• What about the others sexual harassment and exploitation in Hollywood? Will the media investigate or wait for Gloria Allred? There have been rumors for years about pedophilia, but no real reporting.

    Henry Kissinger meets with Trump. What’s that about?

    Comment: Kissinger  has made one of the most sensible and serious proposals about working with China to resolve the North Korean crisis. He is also the most trusted intermediary to broker a deal between Beijing and Washington and to carry back-channel messages between the two. (Kissinger’s proposal was contained in a Wall Street Journal op-ed, subscription)

    My guess: Trump listened to Kissinger, said “great, if Xi is willing to do it. But if he won’t or it doesn’t work, tell him the US will act unilaterally in a wide variety of ways that the Chinese won’t like.”

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    Hat Tip to

    ◆ Randy Helm for pointing out that the NYT deserves credit for breaking the story

  • ZipDialog Roundup for Thursday, September 28

    Articles chosen with care. Your comments welcomed.
    Linked articles in bold purple

    Republican Tax Plan: The Essential Features

    The details still need to be worked out through negotiations.

    It is a 9-page framework at this stage, more detailed than previous releases but still not a fleshed-out bill.

    Key features:

    • Lower corporate tax rates: Nominal rates cut significantly–to 20%
      • Whether actual rates for Company X or Company Y are lowered depend on whether previous deductions are eliminated.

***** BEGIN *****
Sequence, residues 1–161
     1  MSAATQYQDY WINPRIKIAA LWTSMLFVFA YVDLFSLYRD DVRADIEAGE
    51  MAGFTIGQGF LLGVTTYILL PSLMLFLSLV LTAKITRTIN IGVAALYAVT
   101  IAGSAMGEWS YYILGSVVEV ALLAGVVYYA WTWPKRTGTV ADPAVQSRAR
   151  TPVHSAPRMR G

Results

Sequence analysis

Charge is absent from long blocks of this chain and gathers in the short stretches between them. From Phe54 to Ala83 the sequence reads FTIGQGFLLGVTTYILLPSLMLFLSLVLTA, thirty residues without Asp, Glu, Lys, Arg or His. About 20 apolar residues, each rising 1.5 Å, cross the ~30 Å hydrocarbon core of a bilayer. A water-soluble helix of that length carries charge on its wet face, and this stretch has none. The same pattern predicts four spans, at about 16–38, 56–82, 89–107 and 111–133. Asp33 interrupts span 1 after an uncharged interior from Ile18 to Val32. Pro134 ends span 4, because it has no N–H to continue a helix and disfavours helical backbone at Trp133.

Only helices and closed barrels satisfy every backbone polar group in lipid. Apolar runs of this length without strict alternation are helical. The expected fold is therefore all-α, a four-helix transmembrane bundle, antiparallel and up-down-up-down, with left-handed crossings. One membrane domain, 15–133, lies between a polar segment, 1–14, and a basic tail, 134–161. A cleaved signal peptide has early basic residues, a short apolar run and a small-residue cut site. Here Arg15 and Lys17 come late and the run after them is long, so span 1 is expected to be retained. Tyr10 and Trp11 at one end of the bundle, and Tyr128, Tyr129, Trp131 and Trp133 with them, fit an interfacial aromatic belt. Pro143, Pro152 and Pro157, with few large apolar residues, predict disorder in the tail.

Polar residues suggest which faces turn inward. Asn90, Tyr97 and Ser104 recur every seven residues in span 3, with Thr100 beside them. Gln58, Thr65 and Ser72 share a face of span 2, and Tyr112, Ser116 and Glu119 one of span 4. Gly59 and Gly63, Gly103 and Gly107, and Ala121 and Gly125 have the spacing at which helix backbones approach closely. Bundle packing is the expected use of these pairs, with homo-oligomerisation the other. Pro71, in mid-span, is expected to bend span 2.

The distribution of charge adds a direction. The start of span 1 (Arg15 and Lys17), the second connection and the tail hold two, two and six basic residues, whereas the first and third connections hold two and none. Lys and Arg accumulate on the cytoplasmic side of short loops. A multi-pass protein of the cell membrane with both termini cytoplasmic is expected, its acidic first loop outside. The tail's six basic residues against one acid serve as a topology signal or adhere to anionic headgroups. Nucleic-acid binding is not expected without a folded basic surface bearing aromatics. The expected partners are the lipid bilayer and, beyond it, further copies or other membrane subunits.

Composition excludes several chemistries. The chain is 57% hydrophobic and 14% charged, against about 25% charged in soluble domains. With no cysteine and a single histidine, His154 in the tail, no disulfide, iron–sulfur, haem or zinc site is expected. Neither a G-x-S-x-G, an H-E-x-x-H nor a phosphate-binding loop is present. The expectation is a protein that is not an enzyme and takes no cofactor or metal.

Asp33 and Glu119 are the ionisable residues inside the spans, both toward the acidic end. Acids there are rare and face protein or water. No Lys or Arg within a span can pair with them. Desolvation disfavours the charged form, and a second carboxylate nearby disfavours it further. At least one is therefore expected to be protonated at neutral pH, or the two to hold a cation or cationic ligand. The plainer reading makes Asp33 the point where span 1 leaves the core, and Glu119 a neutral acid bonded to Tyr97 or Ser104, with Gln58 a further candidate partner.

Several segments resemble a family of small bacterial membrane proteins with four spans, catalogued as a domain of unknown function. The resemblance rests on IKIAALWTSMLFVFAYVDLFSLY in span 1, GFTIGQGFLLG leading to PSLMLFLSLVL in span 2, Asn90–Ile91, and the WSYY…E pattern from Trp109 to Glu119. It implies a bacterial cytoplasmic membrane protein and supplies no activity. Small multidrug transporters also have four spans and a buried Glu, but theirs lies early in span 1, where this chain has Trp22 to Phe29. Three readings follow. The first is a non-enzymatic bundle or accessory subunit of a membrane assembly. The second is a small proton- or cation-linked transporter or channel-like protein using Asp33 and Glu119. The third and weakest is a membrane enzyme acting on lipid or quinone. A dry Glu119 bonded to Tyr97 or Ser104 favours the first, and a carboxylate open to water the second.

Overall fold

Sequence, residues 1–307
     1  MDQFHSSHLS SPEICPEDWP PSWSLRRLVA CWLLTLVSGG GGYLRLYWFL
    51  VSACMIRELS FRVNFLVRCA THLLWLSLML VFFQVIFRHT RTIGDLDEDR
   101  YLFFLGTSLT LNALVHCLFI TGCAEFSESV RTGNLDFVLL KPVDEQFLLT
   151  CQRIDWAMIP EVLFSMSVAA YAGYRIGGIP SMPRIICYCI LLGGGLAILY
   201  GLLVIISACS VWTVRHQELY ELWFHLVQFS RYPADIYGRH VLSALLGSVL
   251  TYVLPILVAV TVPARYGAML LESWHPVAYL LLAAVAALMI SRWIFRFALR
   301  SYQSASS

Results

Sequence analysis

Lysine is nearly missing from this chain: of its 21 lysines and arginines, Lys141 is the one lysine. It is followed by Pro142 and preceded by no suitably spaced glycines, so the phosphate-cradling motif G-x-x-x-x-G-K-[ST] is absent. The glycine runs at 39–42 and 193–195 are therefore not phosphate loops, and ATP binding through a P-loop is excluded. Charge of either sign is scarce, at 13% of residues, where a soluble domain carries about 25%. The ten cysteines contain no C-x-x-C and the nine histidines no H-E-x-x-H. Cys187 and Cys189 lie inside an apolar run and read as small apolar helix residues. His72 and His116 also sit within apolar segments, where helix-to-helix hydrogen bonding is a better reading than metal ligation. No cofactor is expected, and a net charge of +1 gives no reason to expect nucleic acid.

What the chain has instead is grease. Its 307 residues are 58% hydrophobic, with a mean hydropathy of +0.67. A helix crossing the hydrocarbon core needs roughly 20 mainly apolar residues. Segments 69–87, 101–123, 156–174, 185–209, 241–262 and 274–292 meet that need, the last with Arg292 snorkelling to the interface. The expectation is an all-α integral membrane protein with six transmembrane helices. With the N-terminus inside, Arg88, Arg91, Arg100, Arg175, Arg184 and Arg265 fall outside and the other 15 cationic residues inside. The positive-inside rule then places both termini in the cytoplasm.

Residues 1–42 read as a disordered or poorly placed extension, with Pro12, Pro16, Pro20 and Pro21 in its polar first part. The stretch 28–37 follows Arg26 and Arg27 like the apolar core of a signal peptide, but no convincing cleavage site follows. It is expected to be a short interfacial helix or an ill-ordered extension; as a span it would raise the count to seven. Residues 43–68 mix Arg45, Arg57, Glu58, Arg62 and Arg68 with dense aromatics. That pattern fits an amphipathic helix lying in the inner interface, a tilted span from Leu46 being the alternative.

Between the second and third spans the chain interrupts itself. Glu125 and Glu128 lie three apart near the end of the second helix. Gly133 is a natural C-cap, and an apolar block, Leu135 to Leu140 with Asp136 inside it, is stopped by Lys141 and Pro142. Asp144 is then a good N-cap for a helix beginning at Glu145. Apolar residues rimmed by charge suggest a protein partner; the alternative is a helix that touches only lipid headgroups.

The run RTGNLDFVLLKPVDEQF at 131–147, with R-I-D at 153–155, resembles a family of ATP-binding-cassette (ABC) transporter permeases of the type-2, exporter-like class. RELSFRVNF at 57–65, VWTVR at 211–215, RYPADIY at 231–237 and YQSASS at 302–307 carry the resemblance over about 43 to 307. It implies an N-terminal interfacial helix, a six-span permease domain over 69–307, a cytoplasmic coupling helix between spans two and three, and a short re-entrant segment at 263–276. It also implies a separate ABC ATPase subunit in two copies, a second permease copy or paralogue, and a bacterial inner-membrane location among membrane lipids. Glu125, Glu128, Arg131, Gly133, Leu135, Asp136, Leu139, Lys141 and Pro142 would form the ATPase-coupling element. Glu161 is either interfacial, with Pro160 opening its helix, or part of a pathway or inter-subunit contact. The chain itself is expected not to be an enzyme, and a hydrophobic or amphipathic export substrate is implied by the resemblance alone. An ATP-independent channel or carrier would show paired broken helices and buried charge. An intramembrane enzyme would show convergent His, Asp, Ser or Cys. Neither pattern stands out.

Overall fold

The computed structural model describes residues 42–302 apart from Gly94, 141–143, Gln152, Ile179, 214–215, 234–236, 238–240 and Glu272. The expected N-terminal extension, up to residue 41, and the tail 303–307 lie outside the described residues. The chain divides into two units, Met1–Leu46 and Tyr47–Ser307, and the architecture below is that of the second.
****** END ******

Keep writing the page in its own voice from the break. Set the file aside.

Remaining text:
• Fewer personal brackets
    • Much bigger standard deduction for each individual or family
      • Big benefit to lower-income earners
    • Many fewer deductions
    • Keeps big deductions for mortgages, charity, and medical
    • Repeals the Alternative Minimum Tax,
      • Initially meant for a few rich individuals but now affects millions of taxpayers
    • Eliminates the Estate Tax (“death tax”)
    • Repeals deduction for state and local taxes (very contentious)
    • Keeps a special carve-out for hedge fund called “carried interest” (very contentious)

    ◆ The Essential Politics 

    First, the goal is growth, even if it raises projected budget deficits.

    Second, everybody is making hypocritical arguments.

    • The Democrats doubled the country’s debt over the Obama Administration. Now, they are complaining about deficits.
    • The Republicans screamed about debt and deficits during the Obama Administration. Now, most of them say deficits are less important than growth

    Third, the main political arguments are conventional and obvious for both sides.

    • Democrats: “This will only help the rich” (redistribution argument)”